Creating three distinct visual styles, namely, the restaurant, the family stories and a crime scene, Bukowski ups his always excellent game. Cloaked in shadows of the past while residing in the present, the contrast of bright streaming light through expansive windows in flashbacks speaks volumes as to the then-openness of the brothers’ lives, particularly of Coogan’s Paul, before Paul’s breakdown and Claire’s recovery from near-death. Thanks to the visuals, we know that lives became closed off and shrouded after that. Interesting is the decision by Moverman and Bukowski to have Gere’s Stan as the one character who always has a brighter light shining on him or framing him, giving that tacit impression that he has always remained open and honest (despite being a politician). Tight mid-shots and two-shots shot from various angles drive the focus of the film while creating a sense of cloistered secrecy and intimacy befitting a family with dirt on its hands.
Color is king with THE DINNER, steeping the film in dark woods, the glowing crackling golden glow of fireplaces, and the use of red; burgundy reds, blood reds, orange-red fires. Each hue tells its own chapter in this story and serves as foreshadowing for each subsequent development. A beautiful and effective design.
Final scenes take place outside in the snow at Stan’s house. Not only do these scenes look beautiful and serene to provide yet another psychological twist through visual storytelling, but we see Stan and Paul fighting rough and tumble, rolling in the pristine new-fallen snow beneath the twinkling lights of the lawn ornament, as if a baptism with them starting anew, going back to the beginning with a fresh start. . .or is it? Is it just cleaning years of bad blood and, literally and figuratively? Moverman’s wisely leaves this open to individual interpretation.
Alex Hall’s editing is exemplary as he strikes a perfect balance of tension with unfolding time shifts and in the telling of family secrets, particularly the big secret involving the boys, Michael, Rick and Beau. Teasing us with tiny breadcrumbs that progressively get bigger with more intense lensing and quicker angle cuts as tension mounts to the big reveal, Moverman not only has us on the edge of our seats but pushes us to start searching and questioning our own minds and hearts and value systems. Throwing just one more log on this soon to be raging fire, are not only the fireplaces within the restaurant, but sound design, notably in one of Gere’s final monologues as Stan is burning down aspirations for cover-ups and secrecy by the others. Ever so subtly, but omnipresent, is the crackle of licks of fire analogous to some of the secrets that are unfolding. A striking touch.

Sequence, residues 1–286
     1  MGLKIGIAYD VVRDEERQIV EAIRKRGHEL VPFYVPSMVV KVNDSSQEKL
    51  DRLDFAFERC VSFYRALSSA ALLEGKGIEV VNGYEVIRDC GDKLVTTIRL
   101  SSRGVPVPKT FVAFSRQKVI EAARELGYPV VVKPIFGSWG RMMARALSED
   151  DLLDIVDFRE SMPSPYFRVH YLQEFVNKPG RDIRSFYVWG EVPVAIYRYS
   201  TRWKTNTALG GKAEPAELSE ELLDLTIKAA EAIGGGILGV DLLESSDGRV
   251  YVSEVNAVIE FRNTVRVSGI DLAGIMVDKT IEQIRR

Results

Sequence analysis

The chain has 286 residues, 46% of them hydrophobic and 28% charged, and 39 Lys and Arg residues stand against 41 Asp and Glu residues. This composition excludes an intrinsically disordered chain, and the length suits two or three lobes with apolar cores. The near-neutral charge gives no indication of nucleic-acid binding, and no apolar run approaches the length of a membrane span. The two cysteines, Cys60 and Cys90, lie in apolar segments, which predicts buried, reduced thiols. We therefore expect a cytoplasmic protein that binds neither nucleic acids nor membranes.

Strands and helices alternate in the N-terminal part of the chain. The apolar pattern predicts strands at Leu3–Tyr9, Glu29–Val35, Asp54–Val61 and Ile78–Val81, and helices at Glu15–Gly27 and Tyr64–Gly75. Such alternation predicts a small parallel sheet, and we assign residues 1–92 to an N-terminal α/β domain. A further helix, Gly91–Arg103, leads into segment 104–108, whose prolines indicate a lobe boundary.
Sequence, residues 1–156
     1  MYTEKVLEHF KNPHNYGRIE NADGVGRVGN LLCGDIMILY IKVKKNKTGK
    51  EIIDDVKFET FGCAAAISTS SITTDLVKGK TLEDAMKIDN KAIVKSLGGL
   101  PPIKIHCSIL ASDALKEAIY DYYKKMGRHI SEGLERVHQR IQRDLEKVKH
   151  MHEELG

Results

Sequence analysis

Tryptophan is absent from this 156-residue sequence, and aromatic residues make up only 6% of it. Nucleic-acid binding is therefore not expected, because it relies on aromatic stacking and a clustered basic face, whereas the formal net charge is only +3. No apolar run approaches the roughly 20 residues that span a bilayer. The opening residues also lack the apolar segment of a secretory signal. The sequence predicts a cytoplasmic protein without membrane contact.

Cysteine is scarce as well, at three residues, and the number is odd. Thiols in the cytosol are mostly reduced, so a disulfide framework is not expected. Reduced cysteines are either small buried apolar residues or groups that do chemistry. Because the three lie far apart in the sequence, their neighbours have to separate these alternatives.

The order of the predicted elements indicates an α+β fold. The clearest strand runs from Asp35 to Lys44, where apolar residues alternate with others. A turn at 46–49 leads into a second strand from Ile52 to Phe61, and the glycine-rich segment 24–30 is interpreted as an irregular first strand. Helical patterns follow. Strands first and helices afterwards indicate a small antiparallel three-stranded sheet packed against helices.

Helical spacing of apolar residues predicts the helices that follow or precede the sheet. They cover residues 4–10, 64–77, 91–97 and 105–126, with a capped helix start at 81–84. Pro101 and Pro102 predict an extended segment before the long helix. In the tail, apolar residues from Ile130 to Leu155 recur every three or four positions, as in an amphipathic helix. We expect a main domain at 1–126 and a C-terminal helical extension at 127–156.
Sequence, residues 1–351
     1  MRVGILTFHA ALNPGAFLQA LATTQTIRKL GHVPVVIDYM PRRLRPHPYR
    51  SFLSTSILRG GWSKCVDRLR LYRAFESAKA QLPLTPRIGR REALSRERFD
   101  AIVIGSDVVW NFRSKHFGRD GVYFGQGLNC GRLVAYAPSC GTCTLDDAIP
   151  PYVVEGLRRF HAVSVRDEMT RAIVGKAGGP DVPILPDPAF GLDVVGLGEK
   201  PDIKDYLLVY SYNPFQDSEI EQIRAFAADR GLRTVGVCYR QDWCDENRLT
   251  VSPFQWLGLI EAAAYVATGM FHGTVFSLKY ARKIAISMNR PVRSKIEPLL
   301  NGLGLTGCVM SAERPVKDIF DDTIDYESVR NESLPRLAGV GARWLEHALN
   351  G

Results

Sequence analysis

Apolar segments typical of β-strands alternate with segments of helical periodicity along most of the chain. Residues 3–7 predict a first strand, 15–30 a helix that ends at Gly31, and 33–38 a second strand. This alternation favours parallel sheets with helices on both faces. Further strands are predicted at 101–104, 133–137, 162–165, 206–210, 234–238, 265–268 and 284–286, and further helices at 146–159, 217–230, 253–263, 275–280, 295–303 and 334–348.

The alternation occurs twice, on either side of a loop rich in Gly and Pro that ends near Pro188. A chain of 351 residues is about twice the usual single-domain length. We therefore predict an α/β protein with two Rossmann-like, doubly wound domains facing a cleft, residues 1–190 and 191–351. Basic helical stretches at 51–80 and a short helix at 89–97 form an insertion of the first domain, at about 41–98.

Reteaming with Kelly McGehee, production design is gorgeous. Lush and rich in color, fabrications and set decor within the restaurant. Design details to Paul and Claire’s house from the windows to homey furnishings in happier days have a lived-in look and feel. Present day we find the benefit of hallways and doorways metaphorically obfuscating the truth and the obstacles between Paul and Claire.
Thanks to 66 music cues, music is an eclectic mix. Particularly engaging is the transitional music signaling scene changes during the dinner courses. However, the diversity of the soundscape as a whole just adds to the furor and chaos of the family situation, adding to the audience feeling of being unsettling.
And as comes as no surprise, by the time THE DINNER is over, Moverman forces us to question our own sense of morality as we question that of this family.
Directed by Oren Moverman
Written by Oren Moverman based on the book by Herman Koch
Cast: Richard Gere, Steve Coogan, Laura Linney, Rebecca Hall